Friday, September 18, 2009

The Stars at Night

Orion: The HunterIs it just me, or are the stars clearer in the autumn night sky than at any other time? When the rain clouds are cooperative by vanishing, it's been a treat to stand outside in the crisp air and see the fall constellations peeking over the treetops and roofs. Orion in particular is always a welcome harbinger of this season.

They Dance in the SkyDespite having studied astronomy several times, I am by no means an expert stargazer. Instead, I've focused on the celestial knowledge that comes from the originating myths. While many of the traditional myths are Greek in origin, others come from Sumer and Egypt. Additionally, many other cultures have their own myths and constellations to explain and remember the shapes in the sky.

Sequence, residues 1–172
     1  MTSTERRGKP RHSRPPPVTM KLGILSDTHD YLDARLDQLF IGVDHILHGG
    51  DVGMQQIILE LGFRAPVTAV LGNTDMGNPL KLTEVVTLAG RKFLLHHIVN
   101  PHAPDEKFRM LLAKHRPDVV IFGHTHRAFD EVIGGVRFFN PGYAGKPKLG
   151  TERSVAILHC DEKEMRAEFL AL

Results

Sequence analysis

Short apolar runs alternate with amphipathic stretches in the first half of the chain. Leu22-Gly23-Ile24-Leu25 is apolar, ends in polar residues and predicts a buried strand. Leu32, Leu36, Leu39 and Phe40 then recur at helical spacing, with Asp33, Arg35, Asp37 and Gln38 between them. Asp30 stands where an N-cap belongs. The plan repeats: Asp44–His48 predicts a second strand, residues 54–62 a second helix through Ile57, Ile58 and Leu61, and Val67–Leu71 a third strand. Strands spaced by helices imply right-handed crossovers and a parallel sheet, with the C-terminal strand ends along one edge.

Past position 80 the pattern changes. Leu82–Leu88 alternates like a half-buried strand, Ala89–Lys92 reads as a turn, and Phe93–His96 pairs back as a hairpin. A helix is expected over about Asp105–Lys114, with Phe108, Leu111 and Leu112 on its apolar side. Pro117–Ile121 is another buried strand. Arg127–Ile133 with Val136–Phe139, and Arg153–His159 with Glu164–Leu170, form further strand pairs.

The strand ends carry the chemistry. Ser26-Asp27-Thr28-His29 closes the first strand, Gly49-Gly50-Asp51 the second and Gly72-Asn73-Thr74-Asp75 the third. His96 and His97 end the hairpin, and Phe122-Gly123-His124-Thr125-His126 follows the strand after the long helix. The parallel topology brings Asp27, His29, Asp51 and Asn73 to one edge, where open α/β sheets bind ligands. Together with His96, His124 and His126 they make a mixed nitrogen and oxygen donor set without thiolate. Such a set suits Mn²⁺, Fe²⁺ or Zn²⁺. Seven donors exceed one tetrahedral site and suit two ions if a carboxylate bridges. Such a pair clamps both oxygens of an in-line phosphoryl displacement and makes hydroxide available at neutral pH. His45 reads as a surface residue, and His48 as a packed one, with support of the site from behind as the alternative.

Once Upon a Starry NightAlso related to the stars and constellations is the age-old study of astrology. While our 21st Century perspective has pushed this firmly into the New Age category, it can be a fun tool to play with. If nothing else, it's also an easy entree to learning different constellations.

We often get patrons who want to learn more about astrology, but don't know where to start. Like astronomy, I'm not an expert on this topic, but the following titles have proven useful to people who want to learn more about the astrological zodiac:
Constellations: the stars and stories

And, a book that I haven't read, but might nominate for the Diagram Prize:
How to Spot a Bastard by His Star Sign.

What are some of your favorite constellations, and what are the myths behind them? Which important astrology books have I inadvertently left out? And most importantly, what's your sign?

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